Wednesday, December 2, 2015

Inspired By Reading Book Group: Miss Peregrin's Home For Peculiar Children

Once again, after my wife Sj (of Sj Designs) finished reading her book club book, she talked me into reading it as well.  For those who haven't read all of my previous posts, the Inspired By Reading Book Group is a virtual book club made up mostly of jewelry designers who take inspiration from books and create amazing works of art based upon them.  I've taken part a few times with my budding photography skills.

This month we read a young adult novel by Ransom Riggs called Miss Peregrine's Home For Peculiar Children.  The author is a photographer and a collector of strange old found photographs.  Between his own collection and those of some other collectors he pieced together a narrative using these odd photos.  The book is told from the perspective of a teen boy, who grows up listening to his grandfather's tall tales and looking at those old and remarkable photographs.  As the book goes on we discover that perhaps there may be some truth to these stories and photos, but that's all I'm going to say or risk ruining it for you!  The book is actually being made into a movie by Tim Burton, but I suggest reading it first--besides you need to see all the cool pictures!

So this challenge was really up my alley.  As an amateur photographer I found inspiration in the very visual media of this book.  Let's be honest, when was the last time any of us read a book with pictures that wasn't for small children?

For this photo I used one of the characters from the book (an invisible boy) as inspiration.  I set up my tripod in my basement bar and arranged a vintage martini glass and stereoscope on the bar-top as set dressing.  I took a shot of the bar and chair without myself in it.  Then I sat down very carefully and used my remote trigger for the camera.  This took a few shots to get right, and my camera kept falling asleep and not recognizing the trigger.  Eventually I got two shots I liked.  I was then able to import them into Photoshop Elements.  With the plain bar as background layer, I put the shot with myself in it on top.  I was then able to very carefully erase my face and hand out of the top picture, allowing the background to show through.  This took me some time and cursing.  But I got the effect I was looking for.  Next I changed it to sepia tone for that 1900's look.  Then I superimposed a photo of peeling paint on concrete with a low opacity setting to simulate fading and age spots on the photo.  Last but not least I used a "frame" that had lines on it to simulate scratches on the film.  I'd love to figure out how to get a creased look or ratty edges...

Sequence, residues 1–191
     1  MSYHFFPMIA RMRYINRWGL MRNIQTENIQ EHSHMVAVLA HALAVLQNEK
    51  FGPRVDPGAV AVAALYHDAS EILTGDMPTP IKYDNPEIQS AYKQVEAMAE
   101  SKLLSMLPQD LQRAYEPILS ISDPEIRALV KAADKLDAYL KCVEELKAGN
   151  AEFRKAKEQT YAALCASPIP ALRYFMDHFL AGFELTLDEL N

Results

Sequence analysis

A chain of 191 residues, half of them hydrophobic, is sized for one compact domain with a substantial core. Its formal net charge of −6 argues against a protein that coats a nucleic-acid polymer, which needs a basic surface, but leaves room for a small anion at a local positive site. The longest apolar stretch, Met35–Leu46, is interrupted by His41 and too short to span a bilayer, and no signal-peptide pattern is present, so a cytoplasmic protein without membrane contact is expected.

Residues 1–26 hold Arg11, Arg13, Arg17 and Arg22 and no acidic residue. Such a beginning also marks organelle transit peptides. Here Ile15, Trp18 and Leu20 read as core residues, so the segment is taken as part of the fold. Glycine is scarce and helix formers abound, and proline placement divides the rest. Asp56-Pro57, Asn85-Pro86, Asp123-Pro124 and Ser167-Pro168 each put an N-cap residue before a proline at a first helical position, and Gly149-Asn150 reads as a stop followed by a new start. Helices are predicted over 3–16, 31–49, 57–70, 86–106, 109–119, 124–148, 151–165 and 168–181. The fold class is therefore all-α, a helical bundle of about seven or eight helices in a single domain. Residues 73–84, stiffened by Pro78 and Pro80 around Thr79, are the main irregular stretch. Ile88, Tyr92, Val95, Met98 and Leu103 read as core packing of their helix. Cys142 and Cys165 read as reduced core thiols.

Next up was another shot at the bar, since I had everything set up already.  This one was inspired by a super creepy picture from the book of an 1800's evil looking dentist.  I rearranged my foreground items and made sure my arm and shoulder was in the shot.  I sat a skull in front of my body so it would show up only in the reflection in the mirror.  The shot turned out great but it often takes people a couple of seconds to see the reflection.  The side light from an overcast afternoon also highlights only half of my face making it look much more ominous than usual.  I took a couple of these with an evil grin but it was just too much, even for me!  For the rest of the shot I used an overlay of a rust patch that I took in NE Minneapolis from the side of a building, to simulate age.  Then tweaked to sepia tone and done!

Next up, I made Sj get dressed up in her Ren Fest outfit and had her pose for me.  I didn't have a lot of time so my staging and set up were a bit rushed.  It was also really cold out and my model was not happy with so much skin showing in the whipping wind.  I took a couple of long exposure shots with an ND filter to cut the sun's light a bit.  The wind moved the leaves more than I would have liked and there wasn't much directional light, but hey, work with what you have!

I actually like this one the most.  I added a rust stain to the background to add texture and color to this one.  I also added scratches to the photo to add more age.  I also had to smudge out some of the background fence and house details.  I like the unhappy ghost look!

So creepy much?  This one was less about Miss Peregrine than the others.  The tone of the book reminded me of Richard Matheson's The Shrinking Man which I red when I was much younger.  I tracked down a copy of this fairly rare Gold Medal Original paperback a few years ago and it sits with the rest of my old pulp-era collection.  For this shot I took a macro of a huge spider from my back deck, who had wrapped up a yellow-jacket wasp in its web.  I superimposed a shot of myself reaching out an arm and blurred it a bit to make it look less odd.

Back to Miss Peregrine: I loved this book with it's crazy characters, amazing old photos, and quasi-supernatural plot.  Happily the second book has been out a while and the third in the series just came out recently so I'll have plenty to read in the near future!


Laurel said...

Wow wow wow!!!! I love your photography for this! It's super cool. So glad you both played along again this time.

Laurel said...

Wow wow wow!!!! I love your photography for this! It's super cool. So glad you both played along again this time.

Marie D'Onofrio said...

Your photos look like they belong in the book, especially the first two! Amazing!

Sarajo Wentling said...

I knew that you would have lots of fun with this book! I think your invisible man picture is one of my favorites that you'd played with. Next time you want me to model, let's shoot for warmer weather!